Monday, 20 August 2012

It's Because I'm A Londoner: Olympic Projections on Parliament - 1908

When The Projection Studio asked me if I wanted to be involved with the Houses Of Parliament Olympic son et lumiere, I knew that I did. I have made sound pieces for many places but none for my home city before.

The piece itself has a first section in two parts. The first part is a creative visual & sound piece centred on the 1908 London Olympics.

Original audio material from 1908 is a rather limited resource. I had to rely on other types of research material to create a section which used soundscape techniques as the principle guide. 1908 then was to have great depth of layered sound, and no part of it was anything that wouldn't have been heard in 1908, from Edwardian trams to the Thames boat sirens through to music, instruments & early 20th century amplification technology!

To add human voice to the 1908 Olympics, I tracked down Patrick Stevenson, the great-grandson of the 1908 Olympics central Toastmaster, William Knightsmith. It is Knightsmith you see in probably one of the most iconic photographs of the London 1908 Olympics, with his enormous megaphone. Knightsmith is something of a toastmaster legend, adopting the red coat to wear when working to avoid being confused with waiters. A favourite of the Royal Family, he also was toastmaster for many occasions for them. With the Olympics taking place at Shepherd’s Bush and Knightsmith living nearby he was first and most obvious choice to keep the Royal Family informed as to the stadium activities.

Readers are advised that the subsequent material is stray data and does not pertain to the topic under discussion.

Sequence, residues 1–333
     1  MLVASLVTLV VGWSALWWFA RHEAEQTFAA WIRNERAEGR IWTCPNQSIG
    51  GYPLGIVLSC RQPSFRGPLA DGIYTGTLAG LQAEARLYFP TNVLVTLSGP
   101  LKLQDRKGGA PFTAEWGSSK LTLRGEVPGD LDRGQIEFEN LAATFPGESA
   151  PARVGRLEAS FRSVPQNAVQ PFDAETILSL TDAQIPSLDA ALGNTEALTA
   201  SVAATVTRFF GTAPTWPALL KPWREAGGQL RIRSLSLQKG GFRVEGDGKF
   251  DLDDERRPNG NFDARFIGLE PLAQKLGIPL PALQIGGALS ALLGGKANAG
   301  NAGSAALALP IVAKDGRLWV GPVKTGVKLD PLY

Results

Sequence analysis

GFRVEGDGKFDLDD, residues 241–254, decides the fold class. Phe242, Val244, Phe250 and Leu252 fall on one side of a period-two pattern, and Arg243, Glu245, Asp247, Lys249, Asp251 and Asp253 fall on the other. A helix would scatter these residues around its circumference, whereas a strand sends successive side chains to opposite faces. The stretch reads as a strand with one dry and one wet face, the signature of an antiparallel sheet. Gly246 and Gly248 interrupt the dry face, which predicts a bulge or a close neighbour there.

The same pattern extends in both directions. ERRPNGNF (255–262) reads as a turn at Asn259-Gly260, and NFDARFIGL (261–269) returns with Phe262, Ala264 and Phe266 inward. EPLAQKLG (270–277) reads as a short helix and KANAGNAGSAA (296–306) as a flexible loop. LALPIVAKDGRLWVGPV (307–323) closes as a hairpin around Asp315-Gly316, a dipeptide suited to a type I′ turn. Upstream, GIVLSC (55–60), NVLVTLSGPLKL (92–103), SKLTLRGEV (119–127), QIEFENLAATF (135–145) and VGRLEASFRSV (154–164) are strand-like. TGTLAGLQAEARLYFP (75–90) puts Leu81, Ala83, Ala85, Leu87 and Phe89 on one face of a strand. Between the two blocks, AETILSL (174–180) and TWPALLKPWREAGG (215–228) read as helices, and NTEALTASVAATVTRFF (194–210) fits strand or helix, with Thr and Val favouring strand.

Knightsmith’s presence highlights a critical fact – there were no public address systems as we understand them now. White City Stadium was still a full sized stadium though, so the presence of men with megaphones were essential to convey messages and crowd announcements.
The importance of this is highlighted in a section from Conan Doyle’s report from the Marathon, another text used in this section, where he describes the audience around him only being able to identify the winning swimmers by the hoisting of the relevant national flag!